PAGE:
FIG. 9 shows a lashed connection 30. In opposing edges 31, 32, rows of holes 33 are present for the lashing together of those edges by means of ropes 34. To ensure a satisfactory seal at the place of lashed connection 30, there extends a flap 35 from edge 31, under the holes 33. This flap 35 is first laid on the bulk material, after which edge 32 is placed thereover; finally ropes 34 are applied to fix edges 31, 32 relative to each other.
FIG. 10 shows a simpler container 36. This shows a less elegant adaptation of the form to a tank than the containers described above. However, container 36 according to FIG. 10 has the advantage that it can be made more cheaply but can nonetheless be of a high quality. In contrast to the previously described containers, container 36 does not have more or less triangular end surfaces for optimal suiting of the form to a tank. It is provided with a more or less slit-like opening 37, through which the material can be poured into container 36. At the place of this slit 37, the previously described joining means can be present in the form of a zip fastener or rows of holes for the closing of container 36.
In this embodiment air valves 38 are also shown. These air valves 38 consist of holes covered by relatively coarse-woven material 39. The sizes, positions and numbers of these air valves 38 can be chosen according to the wishes of the user. Moreover, attention is drawn to the fact that the previously described containers can also be equipped with similar air valves.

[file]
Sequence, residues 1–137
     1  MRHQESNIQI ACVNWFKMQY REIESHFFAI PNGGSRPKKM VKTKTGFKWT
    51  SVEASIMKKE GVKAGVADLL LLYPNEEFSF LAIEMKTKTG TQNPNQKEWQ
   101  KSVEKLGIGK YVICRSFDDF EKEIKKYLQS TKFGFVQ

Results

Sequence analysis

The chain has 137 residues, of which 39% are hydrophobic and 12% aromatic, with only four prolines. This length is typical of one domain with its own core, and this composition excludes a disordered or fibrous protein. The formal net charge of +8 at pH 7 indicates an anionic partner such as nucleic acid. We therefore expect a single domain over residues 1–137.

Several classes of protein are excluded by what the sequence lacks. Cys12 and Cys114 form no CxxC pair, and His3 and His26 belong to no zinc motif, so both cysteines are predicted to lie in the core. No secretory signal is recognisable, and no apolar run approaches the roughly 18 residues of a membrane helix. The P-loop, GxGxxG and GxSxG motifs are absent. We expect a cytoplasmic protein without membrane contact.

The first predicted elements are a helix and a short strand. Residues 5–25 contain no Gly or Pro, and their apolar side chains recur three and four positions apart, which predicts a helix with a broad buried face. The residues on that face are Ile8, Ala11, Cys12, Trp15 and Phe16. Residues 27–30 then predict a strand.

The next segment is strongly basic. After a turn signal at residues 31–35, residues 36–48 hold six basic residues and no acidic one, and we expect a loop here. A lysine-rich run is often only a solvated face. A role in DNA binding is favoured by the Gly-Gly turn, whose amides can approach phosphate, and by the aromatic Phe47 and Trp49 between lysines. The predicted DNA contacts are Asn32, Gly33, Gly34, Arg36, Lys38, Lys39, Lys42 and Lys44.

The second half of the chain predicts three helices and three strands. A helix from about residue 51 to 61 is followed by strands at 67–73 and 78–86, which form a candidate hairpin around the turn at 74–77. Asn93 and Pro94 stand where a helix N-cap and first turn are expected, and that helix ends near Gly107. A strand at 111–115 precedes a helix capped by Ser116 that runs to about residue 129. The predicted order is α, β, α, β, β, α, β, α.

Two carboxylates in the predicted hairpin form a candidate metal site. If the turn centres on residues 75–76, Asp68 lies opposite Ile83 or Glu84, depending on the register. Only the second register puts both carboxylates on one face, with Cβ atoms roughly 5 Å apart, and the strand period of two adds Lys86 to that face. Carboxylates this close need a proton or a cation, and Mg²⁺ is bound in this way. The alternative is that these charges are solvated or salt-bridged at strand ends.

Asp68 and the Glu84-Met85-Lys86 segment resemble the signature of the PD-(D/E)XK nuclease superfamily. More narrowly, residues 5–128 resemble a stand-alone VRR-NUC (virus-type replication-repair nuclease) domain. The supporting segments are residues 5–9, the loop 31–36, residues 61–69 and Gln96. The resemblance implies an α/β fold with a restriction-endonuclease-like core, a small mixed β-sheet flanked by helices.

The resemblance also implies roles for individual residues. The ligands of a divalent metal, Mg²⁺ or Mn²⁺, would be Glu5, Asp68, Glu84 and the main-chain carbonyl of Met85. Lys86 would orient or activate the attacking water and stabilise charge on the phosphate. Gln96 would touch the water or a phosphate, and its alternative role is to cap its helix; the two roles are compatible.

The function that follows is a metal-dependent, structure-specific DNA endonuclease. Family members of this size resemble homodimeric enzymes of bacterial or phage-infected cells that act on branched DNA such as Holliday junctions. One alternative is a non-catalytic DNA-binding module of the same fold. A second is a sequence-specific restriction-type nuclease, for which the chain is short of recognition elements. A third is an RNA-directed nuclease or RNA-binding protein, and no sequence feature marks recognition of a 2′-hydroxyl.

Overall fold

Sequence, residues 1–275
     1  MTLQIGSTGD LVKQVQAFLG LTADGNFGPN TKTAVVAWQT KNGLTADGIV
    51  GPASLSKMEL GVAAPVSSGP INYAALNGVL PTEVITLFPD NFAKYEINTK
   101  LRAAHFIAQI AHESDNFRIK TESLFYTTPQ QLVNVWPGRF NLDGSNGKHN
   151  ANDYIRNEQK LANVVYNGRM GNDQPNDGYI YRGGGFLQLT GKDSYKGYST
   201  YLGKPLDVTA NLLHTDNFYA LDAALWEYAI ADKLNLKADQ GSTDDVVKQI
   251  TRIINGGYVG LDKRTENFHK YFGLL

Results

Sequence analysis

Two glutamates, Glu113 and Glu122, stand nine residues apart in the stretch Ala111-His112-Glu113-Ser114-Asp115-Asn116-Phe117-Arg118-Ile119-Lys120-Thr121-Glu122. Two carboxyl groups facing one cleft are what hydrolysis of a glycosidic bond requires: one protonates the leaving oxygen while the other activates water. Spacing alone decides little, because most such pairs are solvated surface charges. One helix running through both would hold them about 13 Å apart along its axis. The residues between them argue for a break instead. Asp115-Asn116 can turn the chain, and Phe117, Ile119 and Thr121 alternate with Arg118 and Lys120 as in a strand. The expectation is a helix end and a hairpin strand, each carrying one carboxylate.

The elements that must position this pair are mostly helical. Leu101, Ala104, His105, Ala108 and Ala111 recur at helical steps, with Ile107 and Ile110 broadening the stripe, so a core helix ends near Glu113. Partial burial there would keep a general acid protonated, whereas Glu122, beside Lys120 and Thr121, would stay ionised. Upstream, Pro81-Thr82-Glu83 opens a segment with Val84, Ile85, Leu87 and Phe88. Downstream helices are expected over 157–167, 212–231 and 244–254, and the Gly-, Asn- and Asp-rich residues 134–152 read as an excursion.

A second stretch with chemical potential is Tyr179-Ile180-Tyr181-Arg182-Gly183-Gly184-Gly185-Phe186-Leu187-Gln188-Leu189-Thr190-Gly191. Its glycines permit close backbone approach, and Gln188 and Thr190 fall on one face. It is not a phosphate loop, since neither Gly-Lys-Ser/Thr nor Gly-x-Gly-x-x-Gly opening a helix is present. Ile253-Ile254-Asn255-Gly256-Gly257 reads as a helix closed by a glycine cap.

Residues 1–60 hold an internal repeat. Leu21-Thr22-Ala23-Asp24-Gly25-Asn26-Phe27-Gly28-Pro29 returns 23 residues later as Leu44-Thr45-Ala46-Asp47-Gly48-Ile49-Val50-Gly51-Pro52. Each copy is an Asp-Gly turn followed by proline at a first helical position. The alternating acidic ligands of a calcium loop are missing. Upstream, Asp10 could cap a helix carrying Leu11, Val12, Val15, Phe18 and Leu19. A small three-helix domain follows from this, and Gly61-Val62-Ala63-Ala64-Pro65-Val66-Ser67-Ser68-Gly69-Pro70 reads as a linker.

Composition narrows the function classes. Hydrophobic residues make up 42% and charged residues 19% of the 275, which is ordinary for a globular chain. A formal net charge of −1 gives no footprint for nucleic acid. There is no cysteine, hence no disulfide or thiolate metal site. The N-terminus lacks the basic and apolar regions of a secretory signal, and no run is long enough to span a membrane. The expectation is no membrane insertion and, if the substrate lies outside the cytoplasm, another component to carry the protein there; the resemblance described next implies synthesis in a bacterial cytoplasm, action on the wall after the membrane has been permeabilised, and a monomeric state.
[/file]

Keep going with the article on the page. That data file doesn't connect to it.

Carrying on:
FIG. 11, finally, shows an expansion gusset 40. Unlike gusset 27, shown in particular in FIG. 8, gusset 40 is embodied in a flat form, which makes the gusset less vulnerable. Three layers of the material of the container concerned are laid one upon the other, and are joined together with two stitched seams 40, 41, further entirely analogously to the embodiment according to FIG. 8.
The operation of the embodiment of FIG. 8 applies, mutatis mutandis, to that of FIG. 11: tensile force 28 can break stitched seams 40, 41, whereby a margin in the length of the container fabric results and the risk of failure is at least considerably reduced.
FIG. 12 shows a watergoing vessel 51 that is embodied as a floatable frame with winching means 52. These winching means 52 support a frame 53 with base parts 54. Frame 53 comprises two parts 56, 57, pivotable with respect to one another, supporting the respective base parts 54 and 55, which can be moved towards and away from each other by means of cylinders 58. Cylinders 58 are coupled through hoses 59 to unshown powering and control means.
Using vessel 51, the method according to the invention takes place as follows. First, sheet 9 is placed on base parts 54, 55 of frame 53, in the situation in which frame 53 is located in vessel 51. The bulk material is poured onto sheet 9, and when the desired filling depth has been achieved a filled bag is made ready entirely according to the manner shown in FIGS. 1-4. After this has taken place, vessel 51 is navigated to the chosen place and frame 53 is lowered by appropriate operation of the winch means 52 onto the bed of the waterway at the desired position. Through operation of cylinders 58, base parts 54, 55 are moved apart, whereby bag 16 is deposited at the desired place.